Last week, a new scholarship programme, Forum for the Future, produced its first graduates whose mission is to plant the environmental creed at the heart of British organisations. For a year they have had the benefit of expertise from Jonathon Porritt, Sara Parkin and Paul Ekins, leading lights in the British Green movement, who are keen to pass on their 30 years of experience. "We want people to get into the mainstream, not simply be Greens standing on the sidelines," says Helene Tammik, who administers the scholarship. "We want to work with businesses in partnership so they recognise for themselves the importance of a new approach."
So the scholars spent much of their year on month-long placements inside big organisations, learning how to influence them. One produced a training film for local council officers, so they understood the environmental policies already in place and could develop them further. Another went to the Department of the Environment to write a briefing for ministers on what was being done at a local level to meet international environmental promises. Tesco recruited a scholar to develop a response to those calling on the retailer to reduce food miles - the distance that food travels before it reaches the consumer. The World Development Movement asked a student to draft a submission to the Government on the Scott Report and its implications for arms sales to repressive regimes. Those on media placements wrote for newspapers, including one who penned a front page article for the Financial Times on business sponsorship of endangered species. Paddy Ashdown took one scholar on placement in his office, as did the editor of Wildlife magazine.
"It was a whirlwind. We went on a grand tour of British society," says Alison Pelling, who sat in on ministers' briefings at the Department of Transport, took part in discussions at the marketing department of Hydro- Agri, a big fertiliser producer, and spent a couple of days at Radio 4 working on the Today programme.
Sarah Willis, 25, a geography graduate, worked with the Halifax Building Society. "They had not given much thought to environmental issues, so I had a clean sheet to help them develop a statement of intent." She has recommended that there should be a board member responsible for the environment, to help manage better, for example, the mountains of paper such an organisation generates. She also encouraged the Halifax to think about its mortgage holders in a different way, providing loans, for example, to those who want to improve energy efficiency.
"We learnt on our placements," says Ms Willis, "the importance of learning to speak in the same language as a particular organisation uses. Otherwise, they can become confused about the meaning of sustainable development. It is also important not to swamp people with a sense of crisis over which they are powerless. You need to give them a positive message and explain how they can make a difference."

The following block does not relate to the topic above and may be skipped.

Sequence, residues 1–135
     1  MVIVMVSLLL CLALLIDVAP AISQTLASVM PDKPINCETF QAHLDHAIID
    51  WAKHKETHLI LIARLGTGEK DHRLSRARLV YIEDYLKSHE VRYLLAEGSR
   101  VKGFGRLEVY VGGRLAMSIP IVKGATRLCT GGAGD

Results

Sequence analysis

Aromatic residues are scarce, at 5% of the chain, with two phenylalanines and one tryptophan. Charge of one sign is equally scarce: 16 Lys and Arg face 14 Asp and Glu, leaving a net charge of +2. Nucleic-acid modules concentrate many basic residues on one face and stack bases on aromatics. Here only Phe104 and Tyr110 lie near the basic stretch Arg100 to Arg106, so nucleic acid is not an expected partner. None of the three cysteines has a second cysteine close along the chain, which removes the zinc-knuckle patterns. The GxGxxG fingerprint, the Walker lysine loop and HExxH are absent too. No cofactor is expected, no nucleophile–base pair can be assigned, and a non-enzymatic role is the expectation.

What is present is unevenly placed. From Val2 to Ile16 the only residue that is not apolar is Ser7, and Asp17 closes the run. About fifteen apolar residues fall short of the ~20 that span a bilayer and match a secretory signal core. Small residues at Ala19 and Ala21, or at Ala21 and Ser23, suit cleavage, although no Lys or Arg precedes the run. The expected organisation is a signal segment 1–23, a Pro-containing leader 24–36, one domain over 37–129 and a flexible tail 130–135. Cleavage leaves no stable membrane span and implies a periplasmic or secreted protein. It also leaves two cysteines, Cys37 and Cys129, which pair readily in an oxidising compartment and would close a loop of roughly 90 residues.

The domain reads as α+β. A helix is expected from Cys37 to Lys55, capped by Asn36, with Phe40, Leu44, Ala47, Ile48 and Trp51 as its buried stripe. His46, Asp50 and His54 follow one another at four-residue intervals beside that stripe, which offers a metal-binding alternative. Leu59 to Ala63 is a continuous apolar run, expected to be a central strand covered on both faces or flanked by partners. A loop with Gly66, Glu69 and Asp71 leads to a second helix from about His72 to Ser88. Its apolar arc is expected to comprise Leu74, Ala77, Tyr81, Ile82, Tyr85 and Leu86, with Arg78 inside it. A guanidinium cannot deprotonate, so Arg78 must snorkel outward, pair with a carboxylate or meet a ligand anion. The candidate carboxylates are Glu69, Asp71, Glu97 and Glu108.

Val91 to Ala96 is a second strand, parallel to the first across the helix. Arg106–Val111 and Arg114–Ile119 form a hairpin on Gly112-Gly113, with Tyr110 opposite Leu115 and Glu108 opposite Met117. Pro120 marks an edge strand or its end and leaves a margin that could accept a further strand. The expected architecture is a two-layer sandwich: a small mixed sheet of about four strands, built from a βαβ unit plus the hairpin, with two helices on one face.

Richard Murray-Bruce, 23, an English graduate now looking for a job in the City, sat in on a meeting of the Labour Party's National Executive Committee when Tony Blair laid out his General Election strategy. He also worked at Wessex Water, helping them identify environmentally sustainable indicators for their transport. So he was charged with discovering the pollution and energy consumption involved in certain types of transport, data that could be taken into account alongside the traditional cost considerations. His main project was on ethical investment of pension funds. "The key discovery for me," he says, was that finance drives a lot of decisions by politicians and businesses, but it is largely invisible. We need to do a lot more work to help the financial community understand the environmental impact of their decisions."
Studying styles of leadership is an important part of the course work. "We are not looking for the traditional top-down leadership," says Helene Tammik, "but ways of getting consensus, working in collaboration. There is a lot of emphasis on self-development. We look at what attributes the leaders of the future will need - humility, modesty, a gentler way of doing things. We get the scholars to assess themselves. We hope that at the end of the year we have encouraged them to become more self-aware."
With six of the 10 months spent on placements, the rest of the time is devoted to course work, including ethics, ecological economics and the science of sustainability. "They need," says Helene Tammik, "to understand, for example, the Second Law of Thermo-dynamics, namely that you can neither create nor destroy material, you can only change its form. So, when you are in the boardroom of ICI and asked what is sustainable development, you will need to be able to give a good explanation with plenty of facts."
The course is free to successful scholarship candidates, who also receive a pounds 6,600 bursary to cover living expenses. Each place, however, costs pounds 21,000, covered by donations from charities, the Department of the Environment and founding corporate partners including BT, Body Shop, B&Q, Tesco and NatWest. Graduates receive a new qualification, Master of Professional Studies, from Middlesex University, equivalent to an MPhil.
Places for this September have already been allocated. Selection for 1998 will be made next March and applications will be accepted from November. The second year of the scholarship includes a place sponsored by the Mackintosh Foundation, which has been allocated to a Shakespeare scholar. An odd choice? Not according to Ms Tammik. "Sustainable development is for people from all disciplines. We want people from every walk of life. Someone, for example, might become a famous film producer, get the message out to a wide audience and be just as important as someone writing policy papers for the Government"n
Forum for the Future is based at 227a City Road, London EC1V 1JT. Fax: 0171-251 6268. Applications should be accompanied by an SAE.